LANSING, Mich. (WLNS) – In 2006, officials from the city of Lansing put red tags on 1722 Donora St. And it has been slowly falling apart, without action, since.

Not anymore, the city council Monday night voted to demand more than a half dozen red tag properties be made safe or be demolished. That’s out of 600 unsafe and unsightly buildings currently on the city’s red tag list.

1722 Donora St. has been red-tagged since 2006. (WLNS)

The Donora St. property has been a burden on residents for years, with the only residents being raccoons.

“I see it every day, and the only new thing on it has been a roof in the last few years,” says David LaLone, who has lived across the street from the property for a decade. “Obviously, no one’s done anything with it, and yeah, it could definitely just come down.”

LaLone was stunned to realize the city has been aware of the blighted property for 17 years and is concerned why city officials allowed the property to languish.

“I did not realize it’s been that long,” he tells 6 News. “That’s ridiculous to think the house has been a problem that long and is still standing. That’s unfortunate the city hasn’t taken care of it.”

City officials say the situation with red-tagged properties has been in crisis for years and they continue to try to unravel how it was allowed to fester.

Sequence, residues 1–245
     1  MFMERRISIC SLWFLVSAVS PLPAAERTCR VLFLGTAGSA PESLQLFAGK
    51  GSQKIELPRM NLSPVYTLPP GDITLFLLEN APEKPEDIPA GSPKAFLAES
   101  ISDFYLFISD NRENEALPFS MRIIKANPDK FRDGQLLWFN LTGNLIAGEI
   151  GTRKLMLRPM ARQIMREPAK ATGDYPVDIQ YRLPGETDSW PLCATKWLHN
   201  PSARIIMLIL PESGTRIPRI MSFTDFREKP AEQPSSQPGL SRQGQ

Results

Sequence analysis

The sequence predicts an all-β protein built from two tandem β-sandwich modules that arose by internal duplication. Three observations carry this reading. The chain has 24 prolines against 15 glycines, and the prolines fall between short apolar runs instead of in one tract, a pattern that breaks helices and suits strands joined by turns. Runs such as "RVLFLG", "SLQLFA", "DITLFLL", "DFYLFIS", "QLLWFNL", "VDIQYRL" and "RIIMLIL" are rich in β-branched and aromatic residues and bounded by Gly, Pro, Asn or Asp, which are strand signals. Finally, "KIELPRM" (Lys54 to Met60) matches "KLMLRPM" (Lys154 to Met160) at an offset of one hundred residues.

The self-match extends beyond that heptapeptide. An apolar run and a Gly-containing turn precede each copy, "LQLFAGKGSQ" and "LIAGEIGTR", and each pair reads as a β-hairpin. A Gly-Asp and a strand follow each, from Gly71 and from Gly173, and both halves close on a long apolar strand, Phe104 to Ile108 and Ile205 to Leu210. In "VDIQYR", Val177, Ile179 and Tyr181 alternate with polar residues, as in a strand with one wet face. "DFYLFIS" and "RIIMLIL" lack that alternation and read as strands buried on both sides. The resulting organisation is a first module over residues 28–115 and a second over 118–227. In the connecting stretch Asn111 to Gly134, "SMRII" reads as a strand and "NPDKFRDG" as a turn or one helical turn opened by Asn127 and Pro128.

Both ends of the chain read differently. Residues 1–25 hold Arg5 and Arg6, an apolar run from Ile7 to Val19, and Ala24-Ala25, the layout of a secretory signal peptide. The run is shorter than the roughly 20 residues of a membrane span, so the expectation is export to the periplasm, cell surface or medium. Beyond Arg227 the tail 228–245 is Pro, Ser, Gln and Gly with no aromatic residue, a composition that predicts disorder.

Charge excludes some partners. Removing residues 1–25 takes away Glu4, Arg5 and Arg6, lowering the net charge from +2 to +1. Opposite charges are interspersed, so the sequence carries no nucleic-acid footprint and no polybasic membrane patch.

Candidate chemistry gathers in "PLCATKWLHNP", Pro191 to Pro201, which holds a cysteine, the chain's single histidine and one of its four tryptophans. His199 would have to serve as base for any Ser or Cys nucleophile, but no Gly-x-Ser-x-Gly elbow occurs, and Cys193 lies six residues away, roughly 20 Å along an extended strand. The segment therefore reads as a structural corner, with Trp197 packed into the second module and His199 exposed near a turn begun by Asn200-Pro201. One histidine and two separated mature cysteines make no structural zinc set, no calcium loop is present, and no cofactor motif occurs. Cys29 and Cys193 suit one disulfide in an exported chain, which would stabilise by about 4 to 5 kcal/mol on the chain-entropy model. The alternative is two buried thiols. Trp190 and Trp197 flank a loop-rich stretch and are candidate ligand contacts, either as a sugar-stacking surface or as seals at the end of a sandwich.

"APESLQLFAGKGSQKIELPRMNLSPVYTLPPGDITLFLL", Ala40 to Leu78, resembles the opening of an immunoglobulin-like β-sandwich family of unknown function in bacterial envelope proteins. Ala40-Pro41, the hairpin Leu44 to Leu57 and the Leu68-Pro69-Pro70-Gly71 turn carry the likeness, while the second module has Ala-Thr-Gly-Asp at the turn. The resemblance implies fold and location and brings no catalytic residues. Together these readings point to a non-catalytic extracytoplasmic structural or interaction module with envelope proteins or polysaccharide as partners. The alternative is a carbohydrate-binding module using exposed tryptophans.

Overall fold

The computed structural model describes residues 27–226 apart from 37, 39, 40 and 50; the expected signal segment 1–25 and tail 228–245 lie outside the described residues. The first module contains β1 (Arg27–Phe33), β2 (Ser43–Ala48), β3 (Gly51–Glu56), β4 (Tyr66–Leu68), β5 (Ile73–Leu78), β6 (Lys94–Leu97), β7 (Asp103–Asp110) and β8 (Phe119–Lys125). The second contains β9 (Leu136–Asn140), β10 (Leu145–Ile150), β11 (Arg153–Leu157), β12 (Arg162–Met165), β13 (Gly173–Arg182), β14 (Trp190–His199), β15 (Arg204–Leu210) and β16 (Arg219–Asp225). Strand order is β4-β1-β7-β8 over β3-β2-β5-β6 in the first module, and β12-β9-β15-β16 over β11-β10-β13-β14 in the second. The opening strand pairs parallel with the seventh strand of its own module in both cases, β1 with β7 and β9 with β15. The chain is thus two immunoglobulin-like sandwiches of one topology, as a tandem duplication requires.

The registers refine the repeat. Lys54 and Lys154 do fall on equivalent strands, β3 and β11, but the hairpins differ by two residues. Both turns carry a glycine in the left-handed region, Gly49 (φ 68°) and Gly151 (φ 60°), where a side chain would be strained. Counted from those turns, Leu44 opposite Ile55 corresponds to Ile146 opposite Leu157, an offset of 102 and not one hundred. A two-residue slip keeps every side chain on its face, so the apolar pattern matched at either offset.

A property that’s been red-tagged since 2006 advances to a make-safe or demolish order from the city. (WLNS)

“We have met a number of times,” says Adam Hussain, chair of the Public Safety Committee for City Council. He is the Third Ward Councilmember as well. “We have provided this committee with a number of updates – there are times we’ve made significant ground, and there have been times, not so much because these issues are complex.”

Hussain points to staffing as an ongoing part of the difficulty in addressing red-tag properties, but says the council and the Public Safety Committee remain dedicated to solving the crisis.

“These factors have diminished our available bandwidth for the code division analysis,’ he says. “There is still a commitment to getting this done, and prioritization is forthcoming.”